Known as La Grande Dame, an icon of traditional Moroccan hospitality and at the same time an example of the continuous reinvention of a culture, La Mamounia in Marrakech is more beautiful than ever in the restyling curated by Patrick Jouin and Sanjit Manku.
La Mamounia is the fairytale hotel that is lost in a secret world made of courtyards adorned with Moorish columns and friezes, ancient olive trees, rose gardens, orange trees and another thousand species of plants that make it the flagship and da always characterize the five-star hotel as a true legend that has lasted for 97 years.
The structure develops around the eight hectares of garden that were the wedding gift of the king to his son, Prince Al Mamoun, in the eighteenth century.
In 1923 the oasis was transformed into La Mamounia, a hotel that blended Arab and Andalusian architecture with Art Deco influences.
The last major renovation was entrusted to the duo of architects and designers Patrick Jouin and Sanjit Manku, in whose design actions we can read a significant contribution in terms of contemporaneity, both for the copious and disruptive presence of design furniture and for the greater dynamism granted to the hotel environments.
The project has introduced new convivial spaces and other prestigious services related in particular to catering. For example, next to the Galerie Mamounia, the Salon de thé led by Pierre Hermé was designed with inspiration from Moroccan tea rooms with small sofas along the walls that overlook a wonderful central fountain.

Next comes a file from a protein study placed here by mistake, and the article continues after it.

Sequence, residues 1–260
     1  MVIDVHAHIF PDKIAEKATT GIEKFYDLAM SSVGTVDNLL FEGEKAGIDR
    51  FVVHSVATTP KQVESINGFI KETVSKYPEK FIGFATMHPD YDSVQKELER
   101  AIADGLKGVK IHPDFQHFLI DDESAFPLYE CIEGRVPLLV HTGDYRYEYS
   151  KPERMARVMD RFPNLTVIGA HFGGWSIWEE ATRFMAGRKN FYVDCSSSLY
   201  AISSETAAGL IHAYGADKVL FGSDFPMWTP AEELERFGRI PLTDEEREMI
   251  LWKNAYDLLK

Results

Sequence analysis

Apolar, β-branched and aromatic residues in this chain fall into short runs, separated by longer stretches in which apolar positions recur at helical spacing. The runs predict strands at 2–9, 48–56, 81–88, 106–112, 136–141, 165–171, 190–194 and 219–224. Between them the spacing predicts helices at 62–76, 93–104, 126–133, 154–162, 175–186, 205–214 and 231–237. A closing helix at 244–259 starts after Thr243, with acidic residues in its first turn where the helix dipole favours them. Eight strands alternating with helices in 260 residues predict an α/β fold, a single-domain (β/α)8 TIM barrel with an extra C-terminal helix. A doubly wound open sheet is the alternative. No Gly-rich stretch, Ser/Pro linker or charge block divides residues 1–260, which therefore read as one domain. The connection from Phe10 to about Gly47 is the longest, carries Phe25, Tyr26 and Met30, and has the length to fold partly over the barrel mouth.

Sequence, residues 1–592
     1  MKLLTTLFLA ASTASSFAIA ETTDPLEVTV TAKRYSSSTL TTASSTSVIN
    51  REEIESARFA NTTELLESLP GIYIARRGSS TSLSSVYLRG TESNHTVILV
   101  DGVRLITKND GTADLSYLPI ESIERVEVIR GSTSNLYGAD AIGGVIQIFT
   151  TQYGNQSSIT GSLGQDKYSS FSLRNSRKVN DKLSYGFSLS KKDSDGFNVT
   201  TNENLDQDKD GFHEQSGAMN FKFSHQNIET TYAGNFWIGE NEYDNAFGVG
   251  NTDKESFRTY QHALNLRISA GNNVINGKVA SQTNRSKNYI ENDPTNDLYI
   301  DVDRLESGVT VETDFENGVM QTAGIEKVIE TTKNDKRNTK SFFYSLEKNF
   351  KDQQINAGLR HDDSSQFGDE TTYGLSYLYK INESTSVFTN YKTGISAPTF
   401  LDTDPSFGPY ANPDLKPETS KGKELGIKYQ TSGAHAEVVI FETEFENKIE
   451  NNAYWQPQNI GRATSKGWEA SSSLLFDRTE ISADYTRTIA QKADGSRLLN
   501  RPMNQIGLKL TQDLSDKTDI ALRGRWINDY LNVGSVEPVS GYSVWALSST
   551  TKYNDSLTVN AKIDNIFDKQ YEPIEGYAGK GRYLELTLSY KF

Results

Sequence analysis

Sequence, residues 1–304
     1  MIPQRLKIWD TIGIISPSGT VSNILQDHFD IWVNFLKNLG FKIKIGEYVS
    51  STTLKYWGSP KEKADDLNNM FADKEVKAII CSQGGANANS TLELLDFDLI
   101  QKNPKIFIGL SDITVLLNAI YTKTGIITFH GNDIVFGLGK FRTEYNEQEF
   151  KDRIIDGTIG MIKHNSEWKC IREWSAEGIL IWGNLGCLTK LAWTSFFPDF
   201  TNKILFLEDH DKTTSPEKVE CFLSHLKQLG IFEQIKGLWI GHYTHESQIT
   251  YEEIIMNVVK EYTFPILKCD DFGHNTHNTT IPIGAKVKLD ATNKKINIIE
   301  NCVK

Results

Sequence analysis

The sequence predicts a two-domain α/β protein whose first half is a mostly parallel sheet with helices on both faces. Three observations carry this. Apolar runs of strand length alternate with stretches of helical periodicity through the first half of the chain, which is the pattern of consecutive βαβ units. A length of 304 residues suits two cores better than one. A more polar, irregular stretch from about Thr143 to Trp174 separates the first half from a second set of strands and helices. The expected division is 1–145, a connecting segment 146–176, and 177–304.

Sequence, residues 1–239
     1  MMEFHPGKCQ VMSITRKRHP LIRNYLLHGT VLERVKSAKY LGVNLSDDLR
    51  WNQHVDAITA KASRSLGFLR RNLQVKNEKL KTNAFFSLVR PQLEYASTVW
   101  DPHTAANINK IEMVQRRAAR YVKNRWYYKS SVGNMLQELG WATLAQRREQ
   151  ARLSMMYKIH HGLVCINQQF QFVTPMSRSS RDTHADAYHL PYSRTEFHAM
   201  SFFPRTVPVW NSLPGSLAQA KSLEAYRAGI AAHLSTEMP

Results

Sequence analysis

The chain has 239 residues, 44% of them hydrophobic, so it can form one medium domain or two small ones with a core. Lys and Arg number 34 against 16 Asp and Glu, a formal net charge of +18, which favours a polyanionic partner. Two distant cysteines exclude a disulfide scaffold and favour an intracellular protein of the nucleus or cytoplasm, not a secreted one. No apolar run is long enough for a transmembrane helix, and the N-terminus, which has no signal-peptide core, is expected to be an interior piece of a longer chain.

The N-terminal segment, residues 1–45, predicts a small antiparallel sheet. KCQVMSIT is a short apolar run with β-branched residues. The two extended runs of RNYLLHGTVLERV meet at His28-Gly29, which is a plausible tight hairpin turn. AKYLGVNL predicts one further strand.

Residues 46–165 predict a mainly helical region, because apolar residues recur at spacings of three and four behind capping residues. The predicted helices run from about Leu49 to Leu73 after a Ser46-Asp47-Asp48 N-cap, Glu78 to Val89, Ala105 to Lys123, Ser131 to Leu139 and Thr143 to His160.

The experience continues in the adjacent courtyard characterized by the architecture that enhances the Moroccan riad in all its splendor.
A quiet and perfect place in its geometry where some seats and lanterns have been added to invite guests to taste one of Pierre Hermé’s creations.
The restaurant Le Français becomes L’Italien, also managed by Jean-Georges Vongerichten but expanded to take the form of a winter garden with large windows that open generously onto the vegetation.
The open kitchen is positioned in the center of the space under a huge glass installation. Completely redesigned, the existing Churchill Bar looks like an ultra-intimate “smoked oak sanctuary” and also serves as an entrance to a novelty: the cinema.
Jean-Georges Vongerichten’s Asiatique, which took over from the former Italian restaurant, offers a menu characterized by Chinese, Japanese and Thai influences. The two swimming pools are certainly the real must of the structure.
The external one, immersed in the garden, and the internal one inserted in a Moorish architecture with vaults, columns and polychrome mosaics.